Cinematically, Yours
This Week’s Movie Reviews
Beatles, Dylan, Varda, Truffaut

We're making up for the absence of a newsletter last week with 12 new streaming titles this week! And I couldn't be more excited about the addition of these particular movies to our ever-expanding Film Library.

     Agnés Varda directed her first film in 1955, but I didn't discover her pioneering work until 2000, the year of THE GLEANERS AND I, her extraordinary documentary that was shot with an early digital camcorder. It was a revelation. In 1962 she directed the drama CLEO FROM 5 TO 7, an account of an hour and a half in the life of a normally carefree woman who is awaiting a medical diagnosis. It's a vibrant, on-the-street study of Paris in the early sixties, and an interior portrait of a woman's fears and contradictions. As a coda to Varda's remarkable creative career, I am pleased to also add to our Library her final film, VARDA BY AGNÉS, a journey through her life's work, as well as a window into the processes by which she made that work. 

     One of Varda's contemporaries was the great director François Truffaut. His classic THE 400 BLOWS (1959) also begins streaming this week.

     A new film not to be missed is PLATFORM, which follows three Iranian sisters as they compete to become international champions of Wushu, a Chinese martial art. Watch the trailer.

     Bob Dylan is captured on screen as he never would be in again in DON'T LOOK BACK, the groundbreaking film from D.A. Pennebaker. We find Dylan on tour in England in 1965, which would be his last as an acoustic artist. Featuring some of his most famous songs, including "Subterranean Homesick Blues," "The Times They Are A-Changin'," and "It's All Over Now, Baby Blue." The film is a radically conceived portrait of an American icon that has influenced decades of vérité documentaries.

     Dive into our comedy section and you'll now find three classics: The Beatles in A HARD DAY'S NIGHT and Charlie Chaplin in CITY LIGHTS and THE GOLD RUSH.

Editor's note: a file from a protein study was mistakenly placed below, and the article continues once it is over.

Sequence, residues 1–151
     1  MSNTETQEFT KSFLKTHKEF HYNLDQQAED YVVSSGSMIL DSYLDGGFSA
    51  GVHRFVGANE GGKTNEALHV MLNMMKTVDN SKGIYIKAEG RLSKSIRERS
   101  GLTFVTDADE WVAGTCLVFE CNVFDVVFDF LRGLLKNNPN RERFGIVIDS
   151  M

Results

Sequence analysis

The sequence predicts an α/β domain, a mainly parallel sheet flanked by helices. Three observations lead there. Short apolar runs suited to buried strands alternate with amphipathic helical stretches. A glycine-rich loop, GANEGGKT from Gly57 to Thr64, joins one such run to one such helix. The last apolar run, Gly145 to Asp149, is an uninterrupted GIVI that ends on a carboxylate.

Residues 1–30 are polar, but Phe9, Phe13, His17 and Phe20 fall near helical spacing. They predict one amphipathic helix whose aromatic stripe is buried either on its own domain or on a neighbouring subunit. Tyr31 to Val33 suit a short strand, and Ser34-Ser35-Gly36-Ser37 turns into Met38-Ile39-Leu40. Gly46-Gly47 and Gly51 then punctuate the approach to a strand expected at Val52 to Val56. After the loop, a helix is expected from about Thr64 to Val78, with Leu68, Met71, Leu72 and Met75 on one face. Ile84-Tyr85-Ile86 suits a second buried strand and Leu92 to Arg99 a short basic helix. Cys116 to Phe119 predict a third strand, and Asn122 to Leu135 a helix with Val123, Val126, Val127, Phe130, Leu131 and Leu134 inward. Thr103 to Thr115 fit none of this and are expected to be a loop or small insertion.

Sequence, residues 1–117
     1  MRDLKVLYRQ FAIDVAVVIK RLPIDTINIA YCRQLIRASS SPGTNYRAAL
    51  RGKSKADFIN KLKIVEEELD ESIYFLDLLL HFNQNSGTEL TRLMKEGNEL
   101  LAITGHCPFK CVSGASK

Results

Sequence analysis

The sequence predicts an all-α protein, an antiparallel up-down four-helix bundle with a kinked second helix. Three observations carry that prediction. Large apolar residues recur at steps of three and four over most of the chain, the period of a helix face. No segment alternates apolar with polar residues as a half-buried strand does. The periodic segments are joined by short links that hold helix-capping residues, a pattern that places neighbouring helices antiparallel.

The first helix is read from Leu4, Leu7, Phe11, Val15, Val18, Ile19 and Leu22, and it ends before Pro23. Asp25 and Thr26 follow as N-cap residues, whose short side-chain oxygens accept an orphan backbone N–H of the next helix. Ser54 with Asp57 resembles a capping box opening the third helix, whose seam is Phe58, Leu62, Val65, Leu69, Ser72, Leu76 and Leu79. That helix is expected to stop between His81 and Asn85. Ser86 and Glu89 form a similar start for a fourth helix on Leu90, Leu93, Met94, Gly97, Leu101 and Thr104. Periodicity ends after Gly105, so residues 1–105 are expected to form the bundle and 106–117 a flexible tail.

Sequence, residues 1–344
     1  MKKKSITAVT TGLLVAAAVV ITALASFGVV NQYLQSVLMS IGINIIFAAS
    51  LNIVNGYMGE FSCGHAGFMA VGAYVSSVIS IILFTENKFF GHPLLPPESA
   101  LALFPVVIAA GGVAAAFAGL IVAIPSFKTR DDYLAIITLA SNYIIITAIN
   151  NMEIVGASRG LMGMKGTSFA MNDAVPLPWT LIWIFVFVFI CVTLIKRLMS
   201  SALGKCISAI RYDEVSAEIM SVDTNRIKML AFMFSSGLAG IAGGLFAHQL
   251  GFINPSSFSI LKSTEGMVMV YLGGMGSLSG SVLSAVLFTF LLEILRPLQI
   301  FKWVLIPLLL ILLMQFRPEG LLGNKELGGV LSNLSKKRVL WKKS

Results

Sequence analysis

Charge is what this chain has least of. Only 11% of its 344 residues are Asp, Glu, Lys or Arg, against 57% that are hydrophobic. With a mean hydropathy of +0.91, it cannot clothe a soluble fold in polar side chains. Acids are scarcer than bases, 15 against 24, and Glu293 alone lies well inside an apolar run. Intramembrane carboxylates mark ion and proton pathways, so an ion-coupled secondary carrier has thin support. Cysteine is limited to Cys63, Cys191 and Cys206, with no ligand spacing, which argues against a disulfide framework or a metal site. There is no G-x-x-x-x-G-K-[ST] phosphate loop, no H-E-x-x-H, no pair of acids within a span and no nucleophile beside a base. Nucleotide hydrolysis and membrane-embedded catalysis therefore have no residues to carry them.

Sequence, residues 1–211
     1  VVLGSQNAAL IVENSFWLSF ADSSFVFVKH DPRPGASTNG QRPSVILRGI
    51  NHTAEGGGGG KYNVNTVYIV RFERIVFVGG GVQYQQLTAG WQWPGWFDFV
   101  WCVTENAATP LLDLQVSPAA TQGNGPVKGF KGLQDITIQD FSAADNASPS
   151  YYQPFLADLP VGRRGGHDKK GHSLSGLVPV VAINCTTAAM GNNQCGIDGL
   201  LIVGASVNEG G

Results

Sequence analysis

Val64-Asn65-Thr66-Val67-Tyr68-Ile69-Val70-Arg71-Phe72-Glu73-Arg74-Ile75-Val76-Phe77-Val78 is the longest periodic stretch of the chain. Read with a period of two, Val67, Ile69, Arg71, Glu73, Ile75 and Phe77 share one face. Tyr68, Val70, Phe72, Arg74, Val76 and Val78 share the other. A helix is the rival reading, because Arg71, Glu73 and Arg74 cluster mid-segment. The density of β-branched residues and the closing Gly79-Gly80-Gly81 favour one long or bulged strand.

EARTH depicts seven locations where humans have transformed entire sections of our planet on a grand scale: Mountains are moved in California, tar sands excavations endanger indigenous people in Canada. Initially photographed from above as abstract paintings, these terrains are subsequently explored on the ground. The dimensions are gigantic, the proportions out of control, the world has slipped from humanity's grasp.

     And finally, two portraits about very passionate artists. IMPULSO features the spectacular avant-garde choreographies of flamenco dancer Rocio Molina, who has electrified audiences around the world with her mesmerizing improvised pieces. And DRIES offers an intimate insight into the life, mind and creative heart of Dries Van Noten, the master fashion designer who for more than 25 years has remained independent in a landscape of fashion consolidation and globalization. "This film about Belgian designer Dries Van Noten is a cut above the rest." -South China Morning Post

     We are working hard every day to re-open the theatres as soon as possible. When we have a confirmed date it will posted here, on our website, and on Facebook and Instagram.

     This Sunday, July 11th, marks our 29th anniversary. Thank you, as always, for your generous, loyal support.

Cinematically Yours,